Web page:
2. Heat coconut oil in a wok or a skillet with large sides over medium heat and sauté onion, carrots and green pepper until soft making sure not to brown them, about 8-10 minutes. Add garlic and ginger and sauté for 30 seconds.
  3. Add mushrooms and continue to sauté until mushrooms are cooked soft.
  4. Crack eggs into mixture and scramble until cooked.
  5. Add cauliflower, sesame oil and coconut oil to mixture and cook while stirring constantly.
  6. Cook cauliflower down until semi-soft, about 4-5 minutes, but do not overcook as it will begin to release moisture and may make the mixture semi-mushy. Remove from heat, mix in green onions and add salt to taste.

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Paleo Fried Pickles

Whoops, it’s been a while, huh?

 

As you may or may not have noticed, I haven’t been blogging lately and I’m going to attempt to make a very long story very brief:

 

I had been sick for a long time and reached a breaking point in my health. Realized my diet of eating chocolate cake and not much else were making me feel god damn awful. I took a few months off to fix my body and watch the ENTIRE SERIES OF GOLDEN GIRLS. Started eating a paleo “diet”, and now feel like one smooth operator.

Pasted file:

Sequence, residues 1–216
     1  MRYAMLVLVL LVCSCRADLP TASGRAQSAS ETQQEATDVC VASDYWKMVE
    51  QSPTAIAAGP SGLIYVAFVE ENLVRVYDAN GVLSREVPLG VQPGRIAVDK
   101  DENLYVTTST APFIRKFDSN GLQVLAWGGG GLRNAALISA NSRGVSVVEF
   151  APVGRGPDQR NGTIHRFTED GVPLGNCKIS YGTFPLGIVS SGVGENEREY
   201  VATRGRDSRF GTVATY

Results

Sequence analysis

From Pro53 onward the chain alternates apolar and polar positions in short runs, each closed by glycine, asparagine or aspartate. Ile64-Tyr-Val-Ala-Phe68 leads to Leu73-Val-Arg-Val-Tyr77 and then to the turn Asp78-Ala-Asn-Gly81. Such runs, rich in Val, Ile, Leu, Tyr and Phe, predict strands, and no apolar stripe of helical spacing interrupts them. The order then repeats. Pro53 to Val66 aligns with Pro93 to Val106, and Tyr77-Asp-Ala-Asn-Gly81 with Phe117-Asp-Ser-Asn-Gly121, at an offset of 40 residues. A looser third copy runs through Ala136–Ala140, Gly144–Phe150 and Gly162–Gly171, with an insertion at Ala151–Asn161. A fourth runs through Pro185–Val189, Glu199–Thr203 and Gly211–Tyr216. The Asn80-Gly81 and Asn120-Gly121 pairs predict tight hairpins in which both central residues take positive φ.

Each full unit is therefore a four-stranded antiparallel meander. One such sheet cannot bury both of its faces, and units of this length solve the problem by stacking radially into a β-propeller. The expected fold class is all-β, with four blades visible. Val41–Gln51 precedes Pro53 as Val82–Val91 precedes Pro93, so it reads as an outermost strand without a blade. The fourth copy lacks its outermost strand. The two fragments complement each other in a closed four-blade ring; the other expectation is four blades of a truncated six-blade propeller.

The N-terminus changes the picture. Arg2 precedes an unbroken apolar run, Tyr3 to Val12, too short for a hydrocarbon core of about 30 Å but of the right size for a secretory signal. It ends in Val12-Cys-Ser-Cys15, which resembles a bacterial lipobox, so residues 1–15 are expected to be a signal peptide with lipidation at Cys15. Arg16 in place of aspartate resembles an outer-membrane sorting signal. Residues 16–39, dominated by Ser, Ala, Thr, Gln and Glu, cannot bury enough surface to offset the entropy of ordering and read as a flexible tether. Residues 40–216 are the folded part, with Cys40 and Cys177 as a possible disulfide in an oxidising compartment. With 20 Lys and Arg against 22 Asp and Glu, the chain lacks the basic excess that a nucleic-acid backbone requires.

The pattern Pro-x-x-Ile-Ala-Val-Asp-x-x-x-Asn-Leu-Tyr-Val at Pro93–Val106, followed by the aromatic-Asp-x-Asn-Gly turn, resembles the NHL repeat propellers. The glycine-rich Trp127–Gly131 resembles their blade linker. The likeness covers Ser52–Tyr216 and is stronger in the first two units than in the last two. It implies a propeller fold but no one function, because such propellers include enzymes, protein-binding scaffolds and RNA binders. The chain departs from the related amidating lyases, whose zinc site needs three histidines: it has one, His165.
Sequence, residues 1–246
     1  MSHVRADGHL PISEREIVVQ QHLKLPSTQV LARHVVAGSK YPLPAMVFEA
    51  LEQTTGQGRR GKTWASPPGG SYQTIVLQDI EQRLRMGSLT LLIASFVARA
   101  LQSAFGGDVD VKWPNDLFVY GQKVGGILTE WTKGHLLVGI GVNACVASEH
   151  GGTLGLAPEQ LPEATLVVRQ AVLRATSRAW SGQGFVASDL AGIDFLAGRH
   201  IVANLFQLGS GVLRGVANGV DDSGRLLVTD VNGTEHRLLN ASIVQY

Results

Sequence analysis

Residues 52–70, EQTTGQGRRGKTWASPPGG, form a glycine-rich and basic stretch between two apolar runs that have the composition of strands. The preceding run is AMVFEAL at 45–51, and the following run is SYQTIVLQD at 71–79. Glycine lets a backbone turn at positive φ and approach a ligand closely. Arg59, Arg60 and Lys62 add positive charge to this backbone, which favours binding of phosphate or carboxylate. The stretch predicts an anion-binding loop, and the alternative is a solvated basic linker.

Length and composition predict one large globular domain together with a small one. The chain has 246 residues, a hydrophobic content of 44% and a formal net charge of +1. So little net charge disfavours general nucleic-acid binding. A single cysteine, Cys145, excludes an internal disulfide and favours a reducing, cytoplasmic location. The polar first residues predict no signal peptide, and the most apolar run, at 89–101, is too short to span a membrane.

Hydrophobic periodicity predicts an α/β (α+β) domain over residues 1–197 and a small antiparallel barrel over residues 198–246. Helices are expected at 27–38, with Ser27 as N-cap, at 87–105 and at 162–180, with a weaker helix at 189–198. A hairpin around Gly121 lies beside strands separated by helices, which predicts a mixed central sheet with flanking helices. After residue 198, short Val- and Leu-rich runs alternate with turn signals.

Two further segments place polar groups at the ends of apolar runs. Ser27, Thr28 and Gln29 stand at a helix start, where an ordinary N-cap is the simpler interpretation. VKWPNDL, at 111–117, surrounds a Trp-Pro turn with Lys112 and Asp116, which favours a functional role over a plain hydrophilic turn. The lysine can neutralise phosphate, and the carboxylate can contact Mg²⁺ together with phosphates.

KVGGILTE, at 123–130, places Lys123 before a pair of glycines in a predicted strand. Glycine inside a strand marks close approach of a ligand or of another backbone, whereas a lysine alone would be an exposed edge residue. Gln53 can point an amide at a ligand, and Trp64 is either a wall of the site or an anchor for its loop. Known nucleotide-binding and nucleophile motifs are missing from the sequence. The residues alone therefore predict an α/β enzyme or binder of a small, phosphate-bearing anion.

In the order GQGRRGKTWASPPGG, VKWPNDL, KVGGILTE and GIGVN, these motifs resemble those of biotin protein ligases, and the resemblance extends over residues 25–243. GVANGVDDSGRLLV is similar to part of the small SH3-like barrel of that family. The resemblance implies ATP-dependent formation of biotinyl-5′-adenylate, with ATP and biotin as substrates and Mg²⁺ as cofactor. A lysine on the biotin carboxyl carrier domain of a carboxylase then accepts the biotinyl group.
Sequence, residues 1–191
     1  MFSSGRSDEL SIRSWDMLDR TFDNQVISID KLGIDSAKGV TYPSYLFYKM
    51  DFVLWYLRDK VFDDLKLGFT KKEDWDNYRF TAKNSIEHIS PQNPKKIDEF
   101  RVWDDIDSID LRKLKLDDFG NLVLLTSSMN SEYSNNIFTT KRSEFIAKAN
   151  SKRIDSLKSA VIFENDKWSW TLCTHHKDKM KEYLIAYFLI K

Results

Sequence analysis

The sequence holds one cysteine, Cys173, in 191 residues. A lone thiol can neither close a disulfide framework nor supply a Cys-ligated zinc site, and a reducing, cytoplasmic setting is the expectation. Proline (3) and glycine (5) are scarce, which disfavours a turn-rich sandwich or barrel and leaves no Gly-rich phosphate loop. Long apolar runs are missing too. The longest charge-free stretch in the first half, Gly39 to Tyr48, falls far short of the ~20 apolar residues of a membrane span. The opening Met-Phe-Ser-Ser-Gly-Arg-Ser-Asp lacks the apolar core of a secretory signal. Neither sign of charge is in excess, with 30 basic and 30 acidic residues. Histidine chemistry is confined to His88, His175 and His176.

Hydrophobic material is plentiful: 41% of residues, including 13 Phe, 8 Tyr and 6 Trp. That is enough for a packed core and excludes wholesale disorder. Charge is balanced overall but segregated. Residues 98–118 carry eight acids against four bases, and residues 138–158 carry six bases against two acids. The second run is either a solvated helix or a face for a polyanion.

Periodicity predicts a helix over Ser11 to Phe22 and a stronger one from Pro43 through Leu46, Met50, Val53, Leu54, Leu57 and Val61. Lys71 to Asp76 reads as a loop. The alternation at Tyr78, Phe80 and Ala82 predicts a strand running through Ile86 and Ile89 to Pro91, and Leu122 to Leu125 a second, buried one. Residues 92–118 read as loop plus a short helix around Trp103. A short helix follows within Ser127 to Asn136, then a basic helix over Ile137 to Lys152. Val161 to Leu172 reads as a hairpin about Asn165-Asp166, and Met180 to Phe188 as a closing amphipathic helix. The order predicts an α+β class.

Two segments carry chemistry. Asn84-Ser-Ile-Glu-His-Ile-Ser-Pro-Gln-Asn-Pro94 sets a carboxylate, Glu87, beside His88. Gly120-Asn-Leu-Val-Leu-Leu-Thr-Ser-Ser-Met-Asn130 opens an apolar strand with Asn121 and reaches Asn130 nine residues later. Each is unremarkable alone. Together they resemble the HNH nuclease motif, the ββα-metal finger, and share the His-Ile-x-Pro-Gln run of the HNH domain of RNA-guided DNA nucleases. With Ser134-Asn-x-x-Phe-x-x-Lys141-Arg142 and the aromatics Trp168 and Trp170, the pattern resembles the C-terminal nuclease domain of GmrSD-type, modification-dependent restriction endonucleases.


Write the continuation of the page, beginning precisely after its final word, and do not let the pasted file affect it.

During this time of healing I came to two unrelated conclusions: 1) Dorothy Zbornak was probably too big for roller coasters. 2) You can seriously paleo-ify just about anything. Like, oh, I don’t know… fried pickles?

Paleo Fried Pickles

 

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Paleo Mashed “Potatoes”

I’m usually pretty dubious about foods presented in quotation marks. Typically it means someone’s trying to sell me something I’m not all that interested in buying. Like when I’m traveling abroad and someone offers me a “biscuit” and I’m all, “um, I’m pretty sure that’s a cookie.” These liars don’t speak in quotes, but trust me, it’s implied.